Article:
Tauranga failed late last year to secure funding for one of the regional research institutes proposed by the Government.

But despite that, there was strong local interest in the concept, which had evolved into a positive collaboration programme among Priority One and local businesses on a series of pilot projects aimed at setting up an innovation lab in the city.

Shane Stuart, innovation manager for Priority One and Waikato University, told this week's Priority One annual general meeting he had found on consulting local businesses that they weren't interested in adding to research capability. However, they were keen to access skills and resources for design, innovation, and commercialising new technologies.

After his consultations, Mr Stuart facilitated the submission of two proposals for the regional research funding.


One was for a Tauranga Research Institute for MedTech (TRIM), a centre for the design, development and manufacture of medical devices, including implants and tools. It was based around a combination of advanced manufacturing such as TiDA/RAM's 3D titanium printing technologies, working alongside Bay of Plenty Clinical School researchers.

The other was for a Kaimai Research and Innovation Institute (KRI2), an innovation lab matching science and technical expertise in areas such as natural products, horticultural value chains and Maori land use. This was supported by expressions of interest from 20-plus companies in the Western Bay of Plenty and 10-plus in the Waikato. A pilot had been ready to go involving Bluelab, Comvita, Locus Research, Plus Group, Waka Digital, and University of Waikato.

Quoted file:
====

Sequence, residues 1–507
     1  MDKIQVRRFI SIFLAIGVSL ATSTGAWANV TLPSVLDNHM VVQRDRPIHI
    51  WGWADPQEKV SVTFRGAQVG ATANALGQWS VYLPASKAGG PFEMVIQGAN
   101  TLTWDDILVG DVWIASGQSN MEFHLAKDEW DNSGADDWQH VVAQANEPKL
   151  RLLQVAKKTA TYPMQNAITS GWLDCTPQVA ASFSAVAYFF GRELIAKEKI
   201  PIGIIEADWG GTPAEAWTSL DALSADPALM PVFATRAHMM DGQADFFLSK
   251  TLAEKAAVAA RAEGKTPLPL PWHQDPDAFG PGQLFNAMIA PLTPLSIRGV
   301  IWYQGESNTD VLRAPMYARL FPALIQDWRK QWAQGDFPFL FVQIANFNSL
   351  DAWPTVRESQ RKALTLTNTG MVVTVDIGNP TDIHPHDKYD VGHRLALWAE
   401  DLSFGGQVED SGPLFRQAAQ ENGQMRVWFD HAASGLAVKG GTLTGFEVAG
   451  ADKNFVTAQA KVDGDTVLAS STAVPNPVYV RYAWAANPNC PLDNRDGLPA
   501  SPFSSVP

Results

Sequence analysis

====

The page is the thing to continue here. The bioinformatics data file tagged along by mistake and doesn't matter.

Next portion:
"We weren't really looking at research as such, but on research integrated with design and engineering, with a commercial orientation and global ambitions," Mr Stuart told the AGM, which included a series of brief presentations on the importance of innovation in the sub-region.

"However, just because that particular funding opportunity hadn't worked out, it didn't change the fact that we had seen a shared vision for a new capability here with world-class design and innovation skills, to build on our strengths and build something of global quality."

Mr Stuart was working with local technology-focused businesses on a series of pilot projects in order to develop the concept into a tangible, deliverable proposition for a local innovation lab.

Priority One interim chief executive Greg Simmonds said there were businesses which saw value in working collaboratively around research commercialisation opportunities. The agency had embarked on a dozen or so innovation hub pilot projects, which would run until about the middle of 2017.

"The projects are being co-ordinated and facilitated by Priority One, but driven by local businesses," Mr Simmonds said. "Each project will be funded and resourced in a different way depending on the companies involved."

The purpose was to evaluate the demand for an innovation lab, and map out what a workable model for it would be, he said.

Mr Stuart said one of the first projects underway was a monthly Bay of Plenty meet-up, which brings together business people and experts to network on how to develop innovative ideas. The next meeting on Tuesday will feature Bluelab Corp product development manager Jono Jones, who also spoke at the AGM on his company's innovation journey.

Priority One chief executive-designate Nigel Tutt, who starts work at the end of November, said the best way to be introduced to what was happening in Tauranga had been to hear from the people doing it.

"I thought it was hugely inspiring and energising to hear the voices of business people in the community," Mr Tutt said.

City of Opportunity
-The Priority One annual general meeting previewed the final version of its new business attraction video, City of Opportunity.
-The video was produced by Ian Taylor's Animation Research, in collaboration with Priority One and Carrus Corp.
-It includes the latest graphic visualisations of the new Waikato University campus in Durham Street, and proposed new Civic Heart and other infrastructure projects, as well as sound bites from major companies that have relocated to the Bay.